“The weak, the wimps and the wussies still have three seconds to get the hell outta here, and get back to their knitting!”

Publisher: Ubisoft
Developer: Ubisoft Montpellier
Platform: Xbox 360 reviewed on Xbox One Backwards Compatibility
Availability: Ps3, Xbox 360

Playing older games is like visiting old friends. Those that you haven’t seen in a few years, but still think about from time to time, or come up in conversations when visiting others. It’s a great feeling to reminisce, but a greater feeling to actually see that friend again, and catch up.

In somewhat of a personal new-games rut, I settled and gave the Xbox One Backwards Compatibility a try. Since Call of Duty Black Ops 2 has yet to be made available, I booted up Ubisoft’s Beyond Good and Evil HD remastered release.


I played the original back in 2004 on the Playstation 2, and it’s always been a mainstay on my list of great games I remember having played during that generation. In 2011 a HD re-mastered edition was released on the Playstation 3 and Xbox 360 which included improved textures and character models, as well as an updated soundtrack, achievements and leaderboards.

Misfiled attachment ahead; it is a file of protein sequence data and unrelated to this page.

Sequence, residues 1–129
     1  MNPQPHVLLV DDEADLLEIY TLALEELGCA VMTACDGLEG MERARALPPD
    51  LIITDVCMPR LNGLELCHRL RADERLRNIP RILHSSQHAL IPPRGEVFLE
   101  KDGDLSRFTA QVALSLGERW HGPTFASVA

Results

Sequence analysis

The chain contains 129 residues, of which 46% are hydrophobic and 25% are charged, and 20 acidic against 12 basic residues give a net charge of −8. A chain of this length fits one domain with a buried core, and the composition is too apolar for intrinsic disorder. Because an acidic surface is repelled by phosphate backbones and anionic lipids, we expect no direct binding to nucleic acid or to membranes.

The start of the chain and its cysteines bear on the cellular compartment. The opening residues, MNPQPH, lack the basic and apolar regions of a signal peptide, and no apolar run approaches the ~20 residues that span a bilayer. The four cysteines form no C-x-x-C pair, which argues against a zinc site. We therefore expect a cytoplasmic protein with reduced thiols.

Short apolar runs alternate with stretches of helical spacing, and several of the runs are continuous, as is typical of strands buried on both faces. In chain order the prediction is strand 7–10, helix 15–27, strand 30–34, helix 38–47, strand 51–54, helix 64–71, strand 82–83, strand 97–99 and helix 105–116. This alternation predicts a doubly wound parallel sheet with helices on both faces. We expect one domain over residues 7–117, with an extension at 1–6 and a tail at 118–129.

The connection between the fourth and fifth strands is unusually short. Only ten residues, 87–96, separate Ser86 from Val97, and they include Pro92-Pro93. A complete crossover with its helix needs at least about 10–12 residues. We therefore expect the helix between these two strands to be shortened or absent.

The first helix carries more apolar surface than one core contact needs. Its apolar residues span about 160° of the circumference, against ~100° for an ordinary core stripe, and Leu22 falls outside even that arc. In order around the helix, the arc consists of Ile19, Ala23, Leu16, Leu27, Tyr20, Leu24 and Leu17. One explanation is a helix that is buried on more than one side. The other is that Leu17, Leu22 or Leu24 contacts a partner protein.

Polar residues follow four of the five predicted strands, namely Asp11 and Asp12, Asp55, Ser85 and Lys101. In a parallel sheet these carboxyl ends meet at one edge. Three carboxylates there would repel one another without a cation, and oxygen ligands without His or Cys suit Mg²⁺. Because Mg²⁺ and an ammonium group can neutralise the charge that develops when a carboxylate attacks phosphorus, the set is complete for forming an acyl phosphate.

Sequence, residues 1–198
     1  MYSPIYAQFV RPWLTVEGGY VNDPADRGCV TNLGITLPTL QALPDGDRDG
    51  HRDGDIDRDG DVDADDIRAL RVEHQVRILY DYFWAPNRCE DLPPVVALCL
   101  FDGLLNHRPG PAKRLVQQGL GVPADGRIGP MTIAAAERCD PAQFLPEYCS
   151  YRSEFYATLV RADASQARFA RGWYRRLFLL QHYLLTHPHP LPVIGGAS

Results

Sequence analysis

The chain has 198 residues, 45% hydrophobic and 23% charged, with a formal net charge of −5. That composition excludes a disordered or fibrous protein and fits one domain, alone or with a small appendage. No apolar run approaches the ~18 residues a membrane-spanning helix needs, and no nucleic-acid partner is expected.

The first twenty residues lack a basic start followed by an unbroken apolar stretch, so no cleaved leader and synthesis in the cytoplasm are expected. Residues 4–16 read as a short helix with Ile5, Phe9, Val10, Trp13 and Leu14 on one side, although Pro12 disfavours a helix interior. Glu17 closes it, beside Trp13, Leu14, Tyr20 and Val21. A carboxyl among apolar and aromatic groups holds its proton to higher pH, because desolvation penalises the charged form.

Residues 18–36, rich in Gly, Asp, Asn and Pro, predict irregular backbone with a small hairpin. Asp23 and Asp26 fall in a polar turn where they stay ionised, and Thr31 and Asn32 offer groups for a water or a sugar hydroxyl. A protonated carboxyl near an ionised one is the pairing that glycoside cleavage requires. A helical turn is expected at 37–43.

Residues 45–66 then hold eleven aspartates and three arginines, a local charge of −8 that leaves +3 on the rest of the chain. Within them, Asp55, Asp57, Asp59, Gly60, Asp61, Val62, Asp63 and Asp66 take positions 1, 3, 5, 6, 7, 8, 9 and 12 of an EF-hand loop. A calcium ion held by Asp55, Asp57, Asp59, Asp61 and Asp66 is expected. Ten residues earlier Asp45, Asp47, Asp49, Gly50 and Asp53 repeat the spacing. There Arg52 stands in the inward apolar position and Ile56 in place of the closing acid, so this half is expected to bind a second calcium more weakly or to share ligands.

Beyond Good & Evil is an adventure game about an alien invasion and the conspiracy surrounding the involvement of the planet’s military dictatorship. In the game, we play as Jade, a photojournalist and caretaker of a home for orphaned children. Jade, I believe, is the primary reason I fell in love with the game eons ago. She’s a character with a lot of heart, but can hold her own when pressed. Her character design was very spunky, with her baggy pants, white tank top, jet black hair with a headband and green eyes and green lipstick. If one could fall in love with a video game character… Alongside Jade is her uncle, and guardian figure, Pey’J, who is a boar-like creature. Only Jade is playable, but large portions of the game have Jade being paired up with another character to solve puzzles and help in combat situations.